TRADING TECHNIQUES Identifying Powerful Breakouts
Early by Tushar S. Chande
High-powered breakouts occur with a strong surge of momentum in the direction of the price change. Such breakouts may be short-lived, however, occurring
toward the latter stages of a long trend. Sometimes, such breakouts signal the end of one trend and the beginning of another. In either case, identifying such market action early is likely to be highly profitable. Here, Contributing Editor Tushar Chande shows how you can use his original indicators, VIDYA and the dynamic
momentum index, to find big market moves.
Taking advantage of a major breakout can be one of the most satisfying of all trades. However, there is no consistent definition of what a breakout is. Many price breakouts will not be decisive, because the market will enter another consolidation phase or reenter the previous region of price congestion; such weak breakouts occur when the markets lack strength. An even more difficult scenario for a trader is when markets break out in one direction with good momentum, only to reverse in a few days, and then break out in the opposite direction with even greater
momentum. In such cases, the trader should reverse the initial trade but may lack the courage to do so, while others may simply be stopped out.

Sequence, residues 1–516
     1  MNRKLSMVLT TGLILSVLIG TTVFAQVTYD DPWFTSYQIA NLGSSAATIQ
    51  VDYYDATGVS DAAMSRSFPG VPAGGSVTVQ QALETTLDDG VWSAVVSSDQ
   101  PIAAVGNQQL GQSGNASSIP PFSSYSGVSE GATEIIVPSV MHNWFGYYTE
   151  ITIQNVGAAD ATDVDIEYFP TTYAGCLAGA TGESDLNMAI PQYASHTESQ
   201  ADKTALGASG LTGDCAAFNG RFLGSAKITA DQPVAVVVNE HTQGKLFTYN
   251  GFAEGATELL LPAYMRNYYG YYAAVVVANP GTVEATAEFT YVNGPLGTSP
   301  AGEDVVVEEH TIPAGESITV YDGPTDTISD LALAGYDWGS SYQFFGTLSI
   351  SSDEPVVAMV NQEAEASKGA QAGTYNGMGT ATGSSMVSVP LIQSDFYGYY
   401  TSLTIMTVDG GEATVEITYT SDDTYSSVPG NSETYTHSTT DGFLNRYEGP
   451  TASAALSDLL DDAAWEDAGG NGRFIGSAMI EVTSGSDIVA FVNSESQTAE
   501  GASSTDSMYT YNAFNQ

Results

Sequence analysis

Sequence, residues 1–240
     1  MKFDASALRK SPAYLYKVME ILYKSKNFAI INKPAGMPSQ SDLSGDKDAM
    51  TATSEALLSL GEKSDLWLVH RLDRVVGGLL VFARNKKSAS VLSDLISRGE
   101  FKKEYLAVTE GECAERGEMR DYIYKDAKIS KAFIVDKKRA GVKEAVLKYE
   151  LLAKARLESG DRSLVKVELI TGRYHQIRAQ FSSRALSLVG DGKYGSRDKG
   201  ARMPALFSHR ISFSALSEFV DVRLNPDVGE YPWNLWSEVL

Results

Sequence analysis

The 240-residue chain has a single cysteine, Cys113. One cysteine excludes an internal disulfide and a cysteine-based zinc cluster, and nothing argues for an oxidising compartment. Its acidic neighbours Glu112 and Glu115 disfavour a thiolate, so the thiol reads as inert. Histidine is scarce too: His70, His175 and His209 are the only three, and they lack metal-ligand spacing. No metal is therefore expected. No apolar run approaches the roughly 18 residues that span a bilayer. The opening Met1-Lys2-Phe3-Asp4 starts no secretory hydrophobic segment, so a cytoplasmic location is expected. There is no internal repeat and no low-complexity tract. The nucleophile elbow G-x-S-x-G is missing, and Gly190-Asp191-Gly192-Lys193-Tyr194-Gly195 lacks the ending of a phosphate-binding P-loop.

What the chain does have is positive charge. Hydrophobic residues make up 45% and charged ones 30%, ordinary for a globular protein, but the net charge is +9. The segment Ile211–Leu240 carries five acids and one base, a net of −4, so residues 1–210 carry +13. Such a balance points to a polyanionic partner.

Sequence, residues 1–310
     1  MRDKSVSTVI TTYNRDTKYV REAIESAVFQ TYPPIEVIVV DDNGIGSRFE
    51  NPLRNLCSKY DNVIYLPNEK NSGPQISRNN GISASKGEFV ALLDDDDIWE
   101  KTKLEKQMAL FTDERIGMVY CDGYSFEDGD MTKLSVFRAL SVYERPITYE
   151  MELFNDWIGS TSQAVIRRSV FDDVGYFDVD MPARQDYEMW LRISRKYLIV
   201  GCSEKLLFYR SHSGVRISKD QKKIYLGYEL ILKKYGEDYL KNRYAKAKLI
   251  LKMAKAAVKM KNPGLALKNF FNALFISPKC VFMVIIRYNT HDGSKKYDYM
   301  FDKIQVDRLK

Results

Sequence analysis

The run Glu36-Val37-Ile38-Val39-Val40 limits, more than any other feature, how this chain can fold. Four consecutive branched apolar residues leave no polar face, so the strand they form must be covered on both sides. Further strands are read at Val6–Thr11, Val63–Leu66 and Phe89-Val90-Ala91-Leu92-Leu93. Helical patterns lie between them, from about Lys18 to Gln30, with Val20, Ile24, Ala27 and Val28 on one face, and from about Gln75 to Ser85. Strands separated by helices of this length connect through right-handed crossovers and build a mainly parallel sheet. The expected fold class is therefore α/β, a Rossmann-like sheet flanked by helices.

Given the ever-changing nature of markets, is there a consistent framework that can be used to analyze breakouts? There may be. Combining a variable-length moving average (VIDYA) and a variable-length momentum oscillator (dynamic momentum index, or DMI) may help identify high-powered breakouts early. (For more information on VIDYA, see sidebar, "Variable-length moving average.")
A combination of VIDYA and DMI may be used to identify when prices have broken out and when the breakout has occurred with great strength. To do so, a 1% band around VIDYA may be optimal. Whenever the market closes above the upper band or below the lower band, we can assume that prices have broken out in that direction. A close above the upper band implies that prices will move higher, while a close below the lower band implies prices will move lower. A more conservative criterion could be called for, such as multiple closes beyond the 1% bands, or insisting that the low be above the upper band (or high below the lower band) to recognize a breakout.
We can use the DMI to measure momentum, averring that the DMI rise above 70 or fall below 30 to confirm the presence of a powerful breakout. Once these criteria are met, you can contemplate a trade, plan for a possible failure of the breakout and hope for a massive follow through.
The ideas underlying VIDYA and DMI were discussed previously in Stocks & Commodities articles as well as The New Technical Trader. Both indicators adjust their length of calculation using a market volatility index. With
VIDYA, this means that the average moves faster when the volatility increases and it slows down when volatility
decreases. The DMI is a variable-length relative strength index† (RSI); its effective length decreases when volatility increases, and the effective length increases when volatility decreases. If we use a 14-day RSI as reference, the effective length of DMI varies from as low as five days to as high as 30 days.